The porter scene or the discovery scene (Act III Scene III) in Macbeth has attracted many critical commentary and conjecture. It comprises of two climaxes – the comical porter’s apparently irrelevant and tipsy comments and the discovery of the treacherous murder of Macbeth’s guest, King Duncan.
The Satirical porter scene written in earthly prose is intended a comic relief in the grim tragic atmosphere. The sordid, tense and serious atmosphere of conspiracy and murder is slightly eased by the humourous speeches and incidents of the porter. It is woven into the drama in such a way that they have widened and enriched, rather than weakened, the tragic significance. Alike the gravediggers in Hamlet, the speeches of the Fool in King Lear, the Porter’s nonsense verbatim aims to relieve the tension and hightens the tragic element by contrast.
The porter is in drunken state and imagines in the Hell Gate. The castle of Macbeth is alike hell and villainy of Macbeth has invested it to its utmost notoriety. Thus the irony in Porter’s speech can well be read. The porter next fancies that three men, a farmer, a Jesuit equivocator and an English tailor knock for admission. Commenting on the farmer, the porter says: “Here’s a farmer, that hang’d himself on th’ expectation of plenty: come in, time-server, have napkins enow about you; here you’ll sweat for’t”. a farmer who hoarded corn expecting to make money, committed suicide as the price of the crops dropped due to bounteous harvest. The porter asks him to bring many hand kerchiefs to wipe away the sweat because the hell is very hot. The porter imagines the second applicant for the entrance into hell to be a believer in equivocation who can say yes and no to the same question to suit his purpose. But the equivocation has not opened the gate of heaven i.e. pleased God, and he has to knock at 6the gate of Hell. The porter next, imagines the third knocker as the English tailor come to heat his iron. Finally, the porter finds the place too cool for hell and says, “I’ll devil porter it no further”.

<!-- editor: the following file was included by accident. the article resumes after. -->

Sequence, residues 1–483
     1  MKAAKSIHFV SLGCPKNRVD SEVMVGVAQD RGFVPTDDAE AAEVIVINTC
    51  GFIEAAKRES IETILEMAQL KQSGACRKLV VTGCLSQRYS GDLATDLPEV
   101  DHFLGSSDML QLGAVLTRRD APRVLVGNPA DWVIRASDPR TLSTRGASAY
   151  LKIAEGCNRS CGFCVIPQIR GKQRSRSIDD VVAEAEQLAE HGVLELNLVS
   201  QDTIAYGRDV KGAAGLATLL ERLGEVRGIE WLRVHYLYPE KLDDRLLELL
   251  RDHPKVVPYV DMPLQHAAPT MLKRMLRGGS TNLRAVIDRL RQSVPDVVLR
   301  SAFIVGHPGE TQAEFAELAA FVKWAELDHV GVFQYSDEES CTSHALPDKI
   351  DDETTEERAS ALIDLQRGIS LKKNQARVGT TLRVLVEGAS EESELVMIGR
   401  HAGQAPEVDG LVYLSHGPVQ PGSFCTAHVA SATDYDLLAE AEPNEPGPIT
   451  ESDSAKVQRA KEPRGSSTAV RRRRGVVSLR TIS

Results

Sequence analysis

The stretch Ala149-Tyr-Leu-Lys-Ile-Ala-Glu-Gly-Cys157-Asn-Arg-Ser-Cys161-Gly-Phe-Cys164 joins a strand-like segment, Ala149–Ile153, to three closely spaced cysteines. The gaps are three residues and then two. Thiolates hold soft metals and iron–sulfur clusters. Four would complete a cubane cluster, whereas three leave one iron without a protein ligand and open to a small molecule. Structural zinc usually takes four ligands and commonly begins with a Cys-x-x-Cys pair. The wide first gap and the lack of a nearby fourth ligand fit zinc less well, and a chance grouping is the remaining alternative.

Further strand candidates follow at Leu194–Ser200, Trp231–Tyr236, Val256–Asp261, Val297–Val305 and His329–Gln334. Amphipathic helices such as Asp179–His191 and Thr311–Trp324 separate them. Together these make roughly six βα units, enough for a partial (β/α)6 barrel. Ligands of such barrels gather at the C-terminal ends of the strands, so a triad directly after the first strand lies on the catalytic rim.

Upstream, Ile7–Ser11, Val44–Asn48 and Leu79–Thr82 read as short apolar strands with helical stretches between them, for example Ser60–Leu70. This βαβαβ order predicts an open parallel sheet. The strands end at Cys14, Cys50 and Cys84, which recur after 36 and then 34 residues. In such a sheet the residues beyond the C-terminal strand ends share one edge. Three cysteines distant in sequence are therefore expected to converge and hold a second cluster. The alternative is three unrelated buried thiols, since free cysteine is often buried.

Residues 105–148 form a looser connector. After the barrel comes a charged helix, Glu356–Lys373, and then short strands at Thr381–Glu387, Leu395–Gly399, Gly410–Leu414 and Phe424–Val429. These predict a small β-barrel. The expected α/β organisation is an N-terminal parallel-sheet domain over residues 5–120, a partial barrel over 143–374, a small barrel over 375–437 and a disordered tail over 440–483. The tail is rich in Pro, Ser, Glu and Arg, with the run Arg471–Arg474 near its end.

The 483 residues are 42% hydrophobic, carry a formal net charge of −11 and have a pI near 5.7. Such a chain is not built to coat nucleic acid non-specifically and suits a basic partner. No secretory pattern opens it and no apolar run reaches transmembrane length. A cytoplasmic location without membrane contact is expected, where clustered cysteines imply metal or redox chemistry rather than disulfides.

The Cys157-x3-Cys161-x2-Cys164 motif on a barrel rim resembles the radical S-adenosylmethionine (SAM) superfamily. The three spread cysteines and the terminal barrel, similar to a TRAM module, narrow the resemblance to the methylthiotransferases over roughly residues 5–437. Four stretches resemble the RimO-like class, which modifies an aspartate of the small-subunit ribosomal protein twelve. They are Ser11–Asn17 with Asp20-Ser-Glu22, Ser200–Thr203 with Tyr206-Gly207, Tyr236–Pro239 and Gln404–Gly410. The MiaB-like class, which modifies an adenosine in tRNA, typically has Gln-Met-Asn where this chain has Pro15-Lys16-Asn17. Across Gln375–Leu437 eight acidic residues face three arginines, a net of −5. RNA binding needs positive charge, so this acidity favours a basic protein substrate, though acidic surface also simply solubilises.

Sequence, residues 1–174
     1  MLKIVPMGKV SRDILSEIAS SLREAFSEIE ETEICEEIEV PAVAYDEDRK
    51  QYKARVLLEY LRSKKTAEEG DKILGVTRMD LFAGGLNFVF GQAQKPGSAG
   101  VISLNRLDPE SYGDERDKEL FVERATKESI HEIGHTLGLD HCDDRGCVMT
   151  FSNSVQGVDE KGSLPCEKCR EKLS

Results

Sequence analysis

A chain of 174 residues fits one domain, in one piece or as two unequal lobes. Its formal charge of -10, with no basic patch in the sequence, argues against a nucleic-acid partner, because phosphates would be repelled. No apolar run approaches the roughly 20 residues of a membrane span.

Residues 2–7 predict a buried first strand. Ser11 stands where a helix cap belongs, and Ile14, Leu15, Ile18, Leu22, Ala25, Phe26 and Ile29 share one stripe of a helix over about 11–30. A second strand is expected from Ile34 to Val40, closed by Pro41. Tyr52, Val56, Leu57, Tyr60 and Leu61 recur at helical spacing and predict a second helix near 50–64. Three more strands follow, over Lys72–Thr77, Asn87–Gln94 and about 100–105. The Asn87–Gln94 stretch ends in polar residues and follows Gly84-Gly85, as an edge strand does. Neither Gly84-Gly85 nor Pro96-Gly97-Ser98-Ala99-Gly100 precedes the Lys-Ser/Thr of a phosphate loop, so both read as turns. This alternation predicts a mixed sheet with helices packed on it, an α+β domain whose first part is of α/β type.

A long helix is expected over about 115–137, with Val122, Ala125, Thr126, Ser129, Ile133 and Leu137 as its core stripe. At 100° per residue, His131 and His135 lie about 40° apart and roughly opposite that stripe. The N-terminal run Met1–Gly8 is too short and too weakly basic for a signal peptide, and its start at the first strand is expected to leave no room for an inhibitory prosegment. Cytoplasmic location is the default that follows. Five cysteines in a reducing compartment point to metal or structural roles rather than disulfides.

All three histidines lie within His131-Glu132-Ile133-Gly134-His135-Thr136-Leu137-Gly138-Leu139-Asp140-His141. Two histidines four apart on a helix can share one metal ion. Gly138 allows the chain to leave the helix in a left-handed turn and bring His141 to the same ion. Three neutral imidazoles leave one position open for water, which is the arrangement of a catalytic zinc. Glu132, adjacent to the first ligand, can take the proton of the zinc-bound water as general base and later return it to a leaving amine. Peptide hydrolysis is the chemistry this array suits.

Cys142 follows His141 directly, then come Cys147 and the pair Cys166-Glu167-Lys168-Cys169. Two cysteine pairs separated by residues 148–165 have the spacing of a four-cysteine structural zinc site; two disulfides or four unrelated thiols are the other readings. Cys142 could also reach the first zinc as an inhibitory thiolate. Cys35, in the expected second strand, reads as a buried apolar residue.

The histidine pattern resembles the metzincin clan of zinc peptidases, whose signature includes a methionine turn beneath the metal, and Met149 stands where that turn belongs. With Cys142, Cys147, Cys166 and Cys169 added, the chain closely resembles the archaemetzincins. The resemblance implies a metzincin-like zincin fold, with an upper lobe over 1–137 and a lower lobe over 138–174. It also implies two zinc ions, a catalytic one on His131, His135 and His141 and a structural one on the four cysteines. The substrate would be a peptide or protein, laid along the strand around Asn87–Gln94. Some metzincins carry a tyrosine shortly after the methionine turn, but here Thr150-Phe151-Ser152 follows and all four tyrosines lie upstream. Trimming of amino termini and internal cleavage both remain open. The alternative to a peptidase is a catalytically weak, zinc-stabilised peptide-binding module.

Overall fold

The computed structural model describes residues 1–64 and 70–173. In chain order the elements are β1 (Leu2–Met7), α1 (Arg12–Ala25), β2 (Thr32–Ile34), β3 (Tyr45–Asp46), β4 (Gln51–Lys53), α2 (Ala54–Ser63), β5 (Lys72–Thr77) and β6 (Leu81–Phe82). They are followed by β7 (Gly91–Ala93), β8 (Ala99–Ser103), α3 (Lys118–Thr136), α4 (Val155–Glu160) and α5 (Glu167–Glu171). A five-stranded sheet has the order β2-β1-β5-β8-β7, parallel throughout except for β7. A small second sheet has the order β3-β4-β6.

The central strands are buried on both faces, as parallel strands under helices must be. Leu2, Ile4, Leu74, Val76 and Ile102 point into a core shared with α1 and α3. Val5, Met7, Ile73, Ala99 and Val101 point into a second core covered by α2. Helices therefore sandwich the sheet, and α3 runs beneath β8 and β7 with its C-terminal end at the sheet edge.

This apparently disjointed, discordant and drunken statement of the porter is sometimes criticized as unshakespearean. It is considered spurious by Coleridge who declared emphatically that this low porter soliloquy was written for the mob by some other hand, perhaps with Shakespeare’s consent. It gives Macbeth time to wash his hands and put on his night gown. There is yet other who would justify the porter scene on the ground that this scene provides a dramatic need of comic relief.
But De Quincey finds the scene all Shakespearean but denies the part of comic relief. In fact, in his views it intensifies the tragic impact in the play. He believes that both Lady Macbeth formed to ‘the image of devils’. The next world is getting prepared for this message. In this intermingling period, the porter appears in the scene. Like a great artistic skill here is the hell-gate compared to Macbeth’s castle. The one a tipsy, tip soliciting menial whose language is vulgar, whose jests are filthy but who after all is not a murdered; the other, Macbeth, a valiant warrior speaking poetry.and yet a murderer. Thus the contrast between the porter and his master is also established. The imagination of the porter is also of hell minus tragic pangs, but a continuation of a tragic suspense. comic relief from the tragic monotony.